Click here to read the full article.

Job Opening

NAPE and the NAPE Education Foundation (NAPEEF) seek a strong, experienced leader to lead an organization doing important work to its next level of strategic growth and development. The Chief Executive Officer (CEO) reports to the Foundation Board which oversees strategic priorities, evaluates effectiveness, and provides financial oversight. Its consolidated annual budget is approximately $2.7M. There are 10 staff members in 6 virtual locations in addition to 60 consultants who serve as professional development instructors across the country. The CEO has 6 direct reports.

The CEO must embrace the shared mission of NAPE and the NAPE Education Foundation and be committed to advancing the organizations, providing sound fiscal management, and sustaining positive relationships with the Board, Executive Committee, staff, members, partners, funders, and other stakeholders. The CEO will demonstrate strong integrity and personal and strategic leadership. S/he will develop internal relationships, build the culture, and advance programming. Ideal candidates for this position will reflect NAPE/NAPEEF’s core values and will demonstrate an ability to serve as an engaged, inspiring, innovative, and visionary leader.
Click here to access the full job opening.

WorkPlace Awarded $12 Million in Contracts and Grants in Job Center Management, Veterans, Healthcare, and Dislocated Workers Career Support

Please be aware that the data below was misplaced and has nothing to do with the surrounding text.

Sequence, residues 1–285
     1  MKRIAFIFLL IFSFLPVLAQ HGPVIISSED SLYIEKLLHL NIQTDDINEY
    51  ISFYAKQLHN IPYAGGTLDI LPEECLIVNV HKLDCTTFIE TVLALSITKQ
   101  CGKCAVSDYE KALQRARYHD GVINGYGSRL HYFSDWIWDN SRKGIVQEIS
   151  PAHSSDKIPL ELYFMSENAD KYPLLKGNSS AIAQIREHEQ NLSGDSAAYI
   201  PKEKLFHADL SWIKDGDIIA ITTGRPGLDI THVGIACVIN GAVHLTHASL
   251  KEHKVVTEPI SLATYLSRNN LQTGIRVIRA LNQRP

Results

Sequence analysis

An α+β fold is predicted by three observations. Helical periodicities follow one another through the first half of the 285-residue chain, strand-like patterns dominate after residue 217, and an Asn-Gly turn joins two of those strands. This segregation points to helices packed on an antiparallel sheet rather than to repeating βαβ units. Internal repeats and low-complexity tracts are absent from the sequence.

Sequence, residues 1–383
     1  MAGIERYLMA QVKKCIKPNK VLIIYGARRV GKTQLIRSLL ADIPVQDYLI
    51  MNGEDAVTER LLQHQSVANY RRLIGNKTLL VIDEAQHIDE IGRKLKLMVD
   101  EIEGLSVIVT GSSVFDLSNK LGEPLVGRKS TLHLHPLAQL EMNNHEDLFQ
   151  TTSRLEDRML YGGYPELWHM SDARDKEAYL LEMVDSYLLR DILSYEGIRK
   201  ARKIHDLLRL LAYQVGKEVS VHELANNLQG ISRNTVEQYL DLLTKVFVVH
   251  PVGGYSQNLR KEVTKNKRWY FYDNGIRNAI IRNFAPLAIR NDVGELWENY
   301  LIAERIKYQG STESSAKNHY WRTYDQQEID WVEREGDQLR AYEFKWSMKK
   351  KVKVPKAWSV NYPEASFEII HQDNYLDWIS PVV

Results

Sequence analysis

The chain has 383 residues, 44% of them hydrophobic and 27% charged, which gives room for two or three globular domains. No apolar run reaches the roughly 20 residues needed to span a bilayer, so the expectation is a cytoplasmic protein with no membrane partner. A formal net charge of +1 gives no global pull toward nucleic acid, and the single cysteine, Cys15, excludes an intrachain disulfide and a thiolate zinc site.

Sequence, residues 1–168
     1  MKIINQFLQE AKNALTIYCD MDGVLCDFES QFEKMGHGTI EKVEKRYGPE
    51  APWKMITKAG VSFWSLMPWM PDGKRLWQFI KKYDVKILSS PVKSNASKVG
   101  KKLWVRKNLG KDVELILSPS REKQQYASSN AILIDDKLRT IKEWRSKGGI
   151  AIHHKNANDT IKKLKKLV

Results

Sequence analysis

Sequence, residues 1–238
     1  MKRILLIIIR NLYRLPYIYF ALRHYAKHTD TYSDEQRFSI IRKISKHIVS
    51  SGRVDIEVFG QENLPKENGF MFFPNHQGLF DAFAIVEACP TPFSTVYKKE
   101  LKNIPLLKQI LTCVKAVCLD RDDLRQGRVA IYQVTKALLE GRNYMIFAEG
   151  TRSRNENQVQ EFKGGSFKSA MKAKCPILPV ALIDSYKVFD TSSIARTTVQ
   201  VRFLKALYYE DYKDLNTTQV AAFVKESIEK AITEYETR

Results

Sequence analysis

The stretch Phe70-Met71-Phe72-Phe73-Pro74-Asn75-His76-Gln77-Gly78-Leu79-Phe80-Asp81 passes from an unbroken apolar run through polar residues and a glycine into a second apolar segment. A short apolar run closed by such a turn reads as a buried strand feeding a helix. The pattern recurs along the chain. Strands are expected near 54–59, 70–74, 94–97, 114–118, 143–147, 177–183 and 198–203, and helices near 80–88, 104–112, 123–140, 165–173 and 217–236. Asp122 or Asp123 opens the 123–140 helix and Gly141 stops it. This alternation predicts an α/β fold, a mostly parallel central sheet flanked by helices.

The WorkPlace was awarded contracts to serve as Operator of the American Job Center in Medina County Ohio and in Mercer County New Jersey. The process in both cases was competitive and extends our national footprint to two additional states. The proposal in each case was based on a hybrid model which combines our virtual e-connect system and a part-time staff person at the Job Centers as well. The WorkPlace will be responsible for reviewing their performance data, commenting on ways and means to improve it by establishing links to successful innovative practices throughout the nation and will be paid an annual fee of $80K for our management role. The WorkPlace’s e-connect option remains the only electronic vehicle in the job center management business. They have won 7 Operator management contracts since March, totaling well over $7 million a year herein. In addition to Ohio and NJ, we have won two contracts in NY, two in RI and one in Mass.